Gavin v. AT&T Services, Inc., 3:10-cv-03140(MLC)(DEA) (D.N.J. June 11, 2012)

This week’s case highlights the very substantial differences between New Jersey’s Federal and State Courts. It also serves as a primer for everything that should not be done while litigating a discrimination case in New Jersey. Although released a few weeks ago, the case just came to light this week.

Ann M. Gavin worked for AT&T and other subdivisions for over 24 years as a Senior Labor Relations Manager. Essentially, Ms. Gavin alleged that she suffered from a variety of ailments that substantially limited her ability to walk. She requested reasonable accommodations vis a vis telecommuting, which was denied. Unable to continue working without the accommodation, Ms. Gavin resigned.

In the Court’s decision, Ms. Gavin’s claim was thrown out on summary judgment because the Court held that a clause in her employment application limited the statute of limitations on Law Against Discrimination (LAD) claims to 6 months and also that under the Americans With Disabilities Act (ADA), Ms. Gavin was not “disabled” because, although painful, she was still able to walk. This case sets a terrible precedent, and therefore it is important to understand why and how this outcome could have been avoided.

There really is no good reason to ever bring a claim under the ADA instead of the LAD because the protections of the LAD are much broader. Even the Defendant in this case conceded that the Plaintiff was disabled as defined by the LAD. The ADA, however, requires that a “major life activity” be “substantially impaired” whereas the LAD has no such requirement and instead has a much broader definition (The ADA was amended in 2009 to broaden the definition of “disability” and remove the “substantially impaired” requirement, but the Court ruled that the amendment did not apply since the event took place in 2008). Nevertheless, the Plaintiff had to jump through the hoops of the EEOC in order to proceed with the ADA claim, and then filed in Federal Court, which I repeatedly warn is not a venue that is friendly to employment claims, and especially unfriendly to disability claims.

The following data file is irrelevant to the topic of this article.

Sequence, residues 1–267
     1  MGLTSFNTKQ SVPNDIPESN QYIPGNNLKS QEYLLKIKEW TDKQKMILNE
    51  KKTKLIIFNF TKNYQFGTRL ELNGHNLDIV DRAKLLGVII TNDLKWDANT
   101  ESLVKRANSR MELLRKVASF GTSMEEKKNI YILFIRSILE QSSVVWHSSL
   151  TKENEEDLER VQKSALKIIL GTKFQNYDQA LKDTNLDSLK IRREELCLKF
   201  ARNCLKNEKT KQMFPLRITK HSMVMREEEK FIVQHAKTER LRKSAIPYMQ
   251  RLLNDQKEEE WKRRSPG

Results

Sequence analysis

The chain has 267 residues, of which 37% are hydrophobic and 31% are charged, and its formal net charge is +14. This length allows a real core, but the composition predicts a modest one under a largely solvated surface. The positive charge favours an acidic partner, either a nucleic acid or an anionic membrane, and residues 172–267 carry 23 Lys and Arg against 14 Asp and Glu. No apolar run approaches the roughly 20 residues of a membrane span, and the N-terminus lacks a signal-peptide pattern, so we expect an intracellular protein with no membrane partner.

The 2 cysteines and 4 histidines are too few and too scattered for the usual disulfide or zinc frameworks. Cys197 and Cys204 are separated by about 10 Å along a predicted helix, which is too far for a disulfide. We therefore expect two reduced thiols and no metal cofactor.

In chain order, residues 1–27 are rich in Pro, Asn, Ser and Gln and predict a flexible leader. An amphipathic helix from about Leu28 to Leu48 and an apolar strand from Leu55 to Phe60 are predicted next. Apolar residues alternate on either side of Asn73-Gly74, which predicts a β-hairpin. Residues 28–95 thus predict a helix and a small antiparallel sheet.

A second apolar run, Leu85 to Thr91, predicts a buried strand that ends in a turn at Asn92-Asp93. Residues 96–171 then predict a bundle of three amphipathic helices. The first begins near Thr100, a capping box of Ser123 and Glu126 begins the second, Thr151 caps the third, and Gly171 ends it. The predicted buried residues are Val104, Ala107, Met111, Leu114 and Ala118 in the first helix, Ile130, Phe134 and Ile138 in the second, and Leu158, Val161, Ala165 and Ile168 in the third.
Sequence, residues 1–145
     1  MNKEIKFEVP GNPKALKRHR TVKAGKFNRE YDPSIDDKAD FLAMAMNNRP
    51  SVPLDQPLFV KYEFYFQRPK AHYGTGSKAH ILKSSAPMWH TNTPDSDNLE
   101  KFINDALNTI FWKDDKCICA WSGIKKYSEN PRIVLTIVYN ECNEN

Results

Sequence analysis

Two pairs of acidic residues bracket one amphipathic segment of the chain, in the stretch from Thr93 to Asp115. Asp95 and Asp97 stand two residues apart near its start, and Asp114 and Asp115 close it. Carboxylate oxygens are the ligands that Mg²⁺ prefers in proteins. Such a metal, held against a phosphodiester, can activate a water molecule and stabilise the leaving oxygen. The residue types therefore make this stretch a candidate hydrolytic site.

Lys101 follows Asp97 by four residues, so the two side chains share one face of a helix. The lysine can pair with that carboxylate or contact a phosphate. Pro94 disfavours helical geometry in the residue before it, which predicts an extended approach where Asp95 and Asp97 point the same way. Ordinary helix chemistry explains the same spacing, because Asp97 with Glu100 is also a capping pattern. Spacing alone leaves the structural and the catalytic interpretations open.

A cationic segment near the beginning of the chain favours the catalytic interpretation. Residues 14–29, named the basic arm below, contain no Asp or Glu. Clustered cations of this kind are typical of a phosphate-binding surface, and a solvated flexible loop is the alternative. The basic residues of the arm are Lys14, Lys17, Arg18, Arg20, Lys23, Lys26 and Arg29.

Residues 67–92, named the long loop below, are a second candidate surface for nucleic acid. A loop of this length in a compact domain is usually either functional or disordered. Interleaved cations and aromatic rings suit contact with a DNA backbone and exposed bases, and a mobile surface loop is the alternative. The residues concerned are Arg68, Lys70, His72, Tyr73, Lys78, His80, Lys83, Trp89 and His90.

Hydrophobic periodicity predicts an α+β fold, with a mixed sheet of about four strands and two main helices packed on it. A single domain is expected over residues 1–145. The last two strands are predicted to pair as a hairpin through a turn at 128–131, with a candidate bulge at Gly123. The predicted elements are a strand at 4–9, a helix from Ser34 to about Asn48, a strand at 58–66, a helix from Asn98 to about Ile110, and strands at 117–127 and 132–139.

Nevertheless, the LAD claims still would have held up, but for a clause in Ms. Gavin’s employment application that purported to limit employment claims to a six month statute of limitations. Obviously, the prudent course of action would have been to simply file within the six months. Nevertheless, the Court held that parties can contract away statutory rights, including the reduction of statutes of limitation. There are many legal and factual arguments that could have been made, but Plaintiff’s counsel conceded the point, and instead argued that the employment application was not a contract, and was later superceded by another contract. The Court disagreed.

There is Federal precedent for the contractual reduction of statute of limitations. See Great Western Mortgage Corp. v. Peacock, 110 F.3d 222 (1997). But there is also strong precedent that the waiver of a statutory right must be clear, unambiguous, and voluntary, and such an argument would have been especially strong under the circumstances here. See, e.g. Caldwell v. KFC, 958 F. Supp. 962, 972 (D.N.J. 1997); Garfinkel v. Morristown Obstetrics & Gynecology Assocs., P.A., 168 N.J. 124, 131 (2001)(a waiver of statutory rights”must be clearly and unmistakably established, and contractual language alleged to constitute a waiver [of such rights] will not be read expansively.”) Here, the language even carved out claims enforceable by the EEOC, and the EEOC frequently enforces LAD claims through its work sharing agreement with the NJ Division on Civil Rights. Unfortunately, none of these arguments were made by Plaintiff’s counsel, who instead conceded the issue, and now there is an unpublished opinion which appears to create bad precedent.

This case presents another glaring example of why New Jersey employees should rely upon State law and State Court wherever and whenever possible.

Plaintiff’s counsel: Joseph J. Bell, The Bell Law Group, P.C.

Defendants’ counsel: Keith J. Rosenblatt, Littler Mendelson, P.C.

Judge: Mary L. Cooper, U.S.D.J.